chapter  3
Introducing families to family work
ByBeta Copley
Pages 13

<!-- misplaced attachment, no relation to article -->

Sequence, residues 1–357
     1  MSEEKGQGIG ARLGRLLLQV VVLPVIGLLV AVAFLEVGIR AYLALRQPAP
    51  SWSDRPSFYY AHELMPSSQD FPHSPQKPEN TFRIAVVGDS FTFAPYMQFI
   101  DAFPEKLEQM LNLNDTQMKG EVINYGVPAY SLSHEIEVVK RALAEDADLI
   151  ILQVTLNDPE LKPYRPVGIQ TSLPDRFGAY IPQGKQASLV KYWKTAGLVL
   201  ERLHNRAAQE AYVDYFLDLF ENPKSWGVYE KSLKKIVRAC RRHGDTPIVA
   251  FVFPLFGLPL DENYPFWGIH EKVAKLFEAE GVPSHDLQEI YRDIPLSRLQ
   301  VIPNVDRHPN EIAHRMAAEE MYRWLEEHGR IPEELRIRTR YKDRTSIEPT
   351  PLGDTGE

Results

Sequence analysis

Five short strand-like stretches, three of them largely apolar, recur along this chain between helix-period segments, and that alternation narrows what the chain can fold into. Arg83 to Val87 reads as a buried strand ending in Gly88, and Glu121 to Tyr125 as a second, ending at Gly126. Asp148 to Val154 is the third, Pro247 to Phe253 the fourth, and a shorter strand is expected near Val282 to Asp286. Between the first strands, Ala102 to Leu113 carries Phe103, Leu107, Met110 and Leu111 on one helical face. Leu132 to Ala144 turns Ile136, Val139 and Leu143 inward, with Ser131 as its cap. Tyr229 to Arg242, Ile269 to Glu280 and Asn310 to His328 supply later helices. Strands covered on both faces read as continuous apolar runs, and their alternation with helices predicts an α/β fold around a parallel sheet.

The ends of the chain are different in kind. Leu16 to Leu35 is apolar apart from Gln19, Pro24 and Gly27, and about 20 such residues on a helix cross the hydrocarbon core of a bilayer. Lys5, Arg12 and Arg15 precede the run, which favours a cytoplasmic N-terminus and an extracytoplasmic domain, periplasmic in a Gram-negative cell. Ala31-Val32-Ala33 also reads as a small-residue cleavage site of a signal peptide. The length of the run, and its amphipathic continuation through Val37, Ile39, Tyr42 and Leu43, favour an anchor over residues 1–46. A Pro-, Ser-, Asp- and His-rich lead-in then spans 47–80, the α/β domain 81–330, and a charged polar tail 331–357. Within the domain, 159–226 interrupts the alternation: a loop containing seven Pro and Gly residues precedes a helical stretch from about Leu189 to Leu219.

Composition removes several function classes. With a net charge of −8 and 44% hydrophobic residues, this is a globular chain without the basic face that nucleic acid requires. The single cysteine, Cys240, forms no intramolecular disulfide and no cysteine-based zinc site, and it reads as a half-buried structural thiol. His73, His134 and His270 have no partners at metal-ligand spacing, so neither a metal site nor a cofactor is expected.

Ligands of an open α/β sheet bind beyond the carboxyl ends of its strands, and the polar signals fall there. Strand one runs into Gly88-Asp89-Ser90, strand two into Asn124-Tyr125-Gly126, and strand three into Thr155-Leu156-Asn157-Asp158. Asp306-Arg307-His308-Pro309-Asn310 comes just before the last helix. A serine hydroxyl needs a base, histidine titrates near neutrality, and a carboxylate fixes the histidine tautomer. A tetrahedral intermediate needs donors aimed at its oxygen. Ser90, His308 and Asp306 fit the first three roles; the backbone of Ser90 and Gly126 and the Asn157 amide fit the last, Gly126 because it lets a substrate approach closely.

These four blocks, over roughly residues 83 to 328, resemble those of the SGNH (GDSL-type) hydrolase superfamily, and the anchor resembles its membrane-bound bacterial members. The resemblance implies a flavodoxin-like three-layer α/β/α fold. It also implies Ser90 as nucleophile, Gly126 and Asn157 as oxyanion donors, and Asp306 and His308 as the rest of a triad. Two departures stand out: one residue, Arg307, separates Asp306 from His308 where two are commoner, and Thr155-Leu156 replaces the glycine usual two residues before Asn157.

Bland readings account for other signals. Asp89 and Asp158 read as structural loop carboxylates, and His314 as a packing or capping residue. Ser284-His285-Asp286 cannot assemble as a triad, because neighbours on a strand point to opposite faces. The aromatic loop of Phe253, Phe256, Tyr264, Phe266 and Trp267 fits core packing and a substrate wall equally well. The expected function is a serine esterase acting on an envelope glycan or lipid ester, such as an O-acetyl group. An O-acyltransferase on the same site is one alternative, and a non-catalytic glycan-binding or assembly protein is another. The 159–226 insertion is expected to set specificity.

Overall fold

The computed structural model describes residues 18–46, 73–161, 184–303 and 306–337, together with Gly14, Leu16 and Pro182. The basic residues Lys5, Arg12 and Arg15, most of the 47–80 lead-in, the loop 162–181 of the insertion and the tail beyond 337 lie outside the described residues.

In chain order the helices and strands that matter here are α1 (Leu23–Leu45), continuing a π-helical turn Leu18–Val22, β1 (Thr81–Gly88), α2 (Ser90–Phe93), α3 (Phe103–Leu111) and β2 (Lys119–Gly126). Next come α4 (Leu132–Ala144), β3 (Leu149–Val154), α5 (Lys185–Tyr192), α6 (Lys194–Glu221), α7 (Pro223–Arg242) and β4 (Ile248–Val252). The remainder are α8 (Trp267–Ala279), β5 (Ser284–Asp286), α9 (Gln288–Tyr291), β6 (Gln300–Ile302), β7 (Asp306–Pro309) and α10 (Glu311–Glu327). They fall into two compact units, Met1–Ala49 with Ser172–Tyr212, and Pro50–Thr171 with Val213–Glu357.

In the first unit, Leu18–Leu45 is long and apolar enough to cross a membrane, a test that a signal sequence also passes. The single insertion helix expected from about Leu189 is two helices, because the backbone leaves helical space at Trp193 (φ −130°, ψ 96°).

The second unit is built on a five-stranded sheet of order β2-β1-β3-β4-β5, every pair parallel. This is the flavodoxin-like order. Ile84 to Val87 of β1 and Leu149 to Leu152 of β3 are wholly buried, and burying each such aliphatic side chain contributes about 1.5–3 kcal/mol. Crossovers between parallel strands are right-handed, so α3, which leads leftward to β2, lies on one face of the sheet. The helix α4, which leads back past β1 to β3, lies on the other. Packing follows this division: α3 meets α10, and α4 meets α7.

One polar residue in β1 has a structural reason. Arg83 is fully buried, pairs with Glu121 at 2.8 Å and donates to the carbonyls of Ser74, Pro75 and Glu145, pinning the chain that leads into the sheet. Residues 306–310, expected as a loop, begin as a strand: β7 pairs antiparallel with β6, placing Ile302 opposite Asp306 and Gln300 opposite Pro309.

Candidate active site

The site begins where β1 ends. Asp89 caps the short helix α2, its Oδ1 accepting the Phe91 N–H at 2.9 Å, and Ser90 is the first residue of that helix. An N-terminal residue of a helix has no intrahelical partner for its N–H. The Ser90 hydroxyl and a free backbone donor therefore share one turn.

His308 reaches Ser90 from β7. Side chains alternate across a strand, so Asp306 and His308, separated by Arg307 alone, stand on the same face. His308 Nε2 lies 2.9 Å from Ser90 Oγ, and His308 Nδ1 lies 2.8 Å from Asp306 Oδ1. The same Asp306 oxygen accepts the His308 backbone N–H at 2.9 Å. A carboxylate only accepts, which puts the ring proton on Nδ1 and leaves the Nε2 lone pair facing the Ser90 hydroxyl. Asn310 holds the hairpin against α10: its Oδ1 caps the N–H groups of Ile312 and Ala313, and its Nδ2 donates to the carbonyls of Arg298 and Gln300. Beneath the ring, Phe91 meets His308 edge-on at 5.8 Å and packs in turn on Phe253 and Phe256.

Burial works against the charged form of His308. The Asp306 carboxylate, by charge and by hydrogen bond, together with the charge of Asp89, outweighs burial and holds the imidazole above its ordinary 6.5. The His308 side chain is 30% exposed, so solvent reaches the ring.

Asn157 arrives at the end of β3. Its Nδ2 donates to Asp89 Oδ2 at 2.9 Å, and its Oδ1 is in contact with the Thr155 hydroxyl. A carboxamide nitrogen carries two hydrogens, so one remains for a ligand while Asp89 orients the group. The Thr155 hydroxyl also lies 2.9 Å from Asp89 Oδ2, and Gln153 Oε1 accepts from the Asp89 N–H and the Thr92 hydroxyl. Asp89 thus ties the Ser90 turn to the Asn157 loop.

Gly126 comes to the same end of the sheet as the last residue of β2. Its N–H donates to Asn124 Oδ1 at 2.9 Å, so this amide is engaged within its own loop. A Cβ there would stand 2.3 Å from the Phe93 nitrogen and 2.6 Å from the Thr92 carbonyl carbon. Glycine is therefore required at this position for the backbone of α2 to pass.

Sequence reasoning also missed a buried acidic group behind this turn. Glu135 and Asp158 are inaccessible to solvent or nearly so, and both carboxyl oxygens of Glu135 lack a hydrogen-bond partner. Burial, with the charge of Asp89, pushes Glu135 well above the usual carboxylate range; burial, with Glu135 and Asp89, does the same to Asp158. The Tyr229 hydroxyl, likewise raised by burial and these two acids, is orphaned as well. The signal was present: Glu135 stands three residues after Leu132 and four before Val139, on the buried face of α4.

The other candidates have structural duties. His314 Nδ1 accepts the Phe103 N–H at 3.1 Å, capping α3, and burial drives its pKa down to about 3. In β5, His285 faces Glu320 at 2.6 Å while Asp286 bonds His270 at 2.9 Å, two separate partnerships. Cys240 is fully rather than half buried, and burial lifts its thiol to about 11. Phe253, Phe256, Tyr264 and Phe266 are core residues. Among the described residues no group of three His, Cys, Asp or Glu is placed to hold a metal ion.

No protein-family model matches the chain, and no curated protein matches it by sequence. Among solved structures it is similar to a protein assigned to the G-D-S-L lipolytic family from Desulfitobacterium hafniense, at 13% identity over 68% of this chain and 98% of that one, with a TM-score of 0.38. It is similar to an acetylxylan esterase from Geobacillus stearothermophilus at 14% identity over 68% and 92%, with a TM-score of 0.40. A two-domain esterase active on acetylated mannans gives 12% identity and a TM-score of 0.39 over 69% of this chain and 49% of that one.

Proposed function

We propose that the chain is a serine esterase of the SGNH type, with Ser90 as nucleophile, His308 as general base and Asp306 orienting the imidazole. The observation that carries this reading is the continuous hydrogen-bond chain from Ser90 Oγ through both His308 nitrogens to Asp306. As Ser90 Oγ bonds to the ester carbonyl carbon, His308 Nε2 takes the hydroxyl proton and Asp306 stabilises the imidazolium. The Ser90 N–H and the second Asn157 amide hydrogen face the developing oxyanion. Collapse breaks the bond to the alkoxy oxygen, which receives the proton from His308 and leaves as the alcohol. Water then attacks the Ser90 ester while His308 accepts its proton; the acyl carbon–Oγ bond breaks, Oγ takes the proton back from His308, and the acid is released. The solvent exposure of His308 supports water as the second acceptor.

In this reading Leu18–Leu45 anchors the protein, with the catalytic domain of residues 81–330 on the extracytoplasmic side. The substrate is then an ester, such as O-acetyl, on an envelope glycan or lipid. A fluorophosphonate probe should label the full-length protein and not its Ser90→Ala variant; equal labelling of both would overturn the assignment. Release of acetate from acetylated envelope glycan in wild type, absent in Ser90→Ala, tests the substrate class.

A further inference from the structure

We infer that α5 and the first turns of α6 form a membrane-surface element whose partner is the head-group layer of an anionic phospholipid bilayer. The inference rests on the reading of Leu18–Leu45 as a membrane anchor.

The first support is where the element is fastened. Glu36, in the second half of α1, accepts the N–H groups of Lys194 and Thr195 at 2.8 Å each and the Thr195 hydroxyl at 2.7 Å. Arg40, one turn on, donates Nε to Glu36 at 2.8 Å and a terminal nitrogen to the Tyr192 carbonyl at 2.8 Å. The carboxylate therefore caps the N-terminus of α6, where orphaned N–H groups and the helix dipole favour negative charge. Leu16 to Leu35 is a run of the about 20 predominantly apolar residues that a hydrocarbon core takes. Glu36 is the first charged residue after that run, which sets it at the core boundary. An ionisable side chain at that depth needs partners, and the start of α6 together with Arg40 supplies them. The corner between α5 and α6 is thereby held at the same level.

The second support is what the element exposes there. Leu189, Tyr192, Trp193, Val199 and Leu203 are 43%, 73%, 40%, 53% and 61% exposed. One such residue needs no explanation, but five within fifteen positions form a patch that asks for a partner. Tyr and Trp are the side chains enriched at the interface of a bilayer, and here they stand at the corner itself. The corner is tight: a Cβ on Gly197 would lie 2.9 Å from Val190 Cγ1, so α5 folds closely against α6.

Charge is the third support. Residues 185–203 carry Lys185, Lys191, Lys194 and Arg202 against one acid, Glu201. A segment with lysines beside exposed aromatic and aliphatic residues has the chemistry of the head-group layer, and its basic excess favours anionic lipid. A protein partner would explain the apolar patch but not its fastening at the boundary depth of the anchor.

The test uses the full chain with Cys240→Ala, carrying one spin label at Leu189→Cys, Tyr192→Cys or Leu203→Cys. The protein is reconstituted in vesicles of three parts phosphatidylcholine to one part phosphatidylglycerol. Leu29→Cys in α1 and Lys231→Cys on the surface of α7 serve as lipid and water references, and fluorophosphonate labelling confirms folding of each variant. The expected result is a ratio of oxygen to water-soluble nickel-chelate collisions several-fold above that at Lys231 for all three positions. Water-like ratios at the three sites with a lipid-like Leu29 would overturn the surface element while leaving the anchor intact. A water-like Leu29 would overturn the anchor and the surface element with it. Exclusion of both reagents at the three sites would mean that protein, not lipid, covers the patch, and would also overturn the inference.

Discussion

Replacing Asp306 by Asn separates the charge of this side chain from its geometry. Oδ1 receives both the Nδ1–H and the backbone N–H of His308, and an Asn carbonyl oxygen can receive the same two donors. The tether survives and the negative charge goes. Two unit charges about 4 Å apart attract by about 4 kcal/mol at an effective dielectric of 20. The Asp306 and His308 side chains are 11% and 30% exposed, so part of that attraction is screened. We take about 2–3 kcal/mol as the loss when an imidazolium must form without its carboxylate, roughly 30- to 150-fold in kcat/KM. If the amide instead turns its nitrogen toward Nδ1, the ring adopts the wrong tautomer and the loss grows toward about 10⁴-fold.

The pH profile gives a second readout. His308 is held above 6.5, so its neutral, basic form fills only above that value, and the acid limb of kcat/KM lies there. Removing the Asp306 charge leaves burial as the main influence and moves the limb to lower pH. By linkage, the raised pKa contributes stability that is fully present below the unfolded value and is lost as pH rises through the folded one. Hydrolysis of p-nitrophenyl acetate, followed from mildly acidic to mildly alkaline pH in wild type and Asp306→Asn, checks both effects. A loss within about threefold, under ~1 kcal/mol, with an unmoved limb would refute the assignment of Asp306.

In initial explorations with clients, knowledge of two different kinds develops. On the one hand one begins to learn something about the family itself, what the problems are and how the mem­ bers relate to one another as the family dynamics unfold. On the other hand, alongside this, one tries to learn about the family's hopes and expectations of the clinic and begins to experience the use that is being made of oneself and what one says and does; in other words there is appraisal from the point of view of the trans­ ference and countertransference. These two strands are of course not necessarily experienced separately from each other in the course of the session.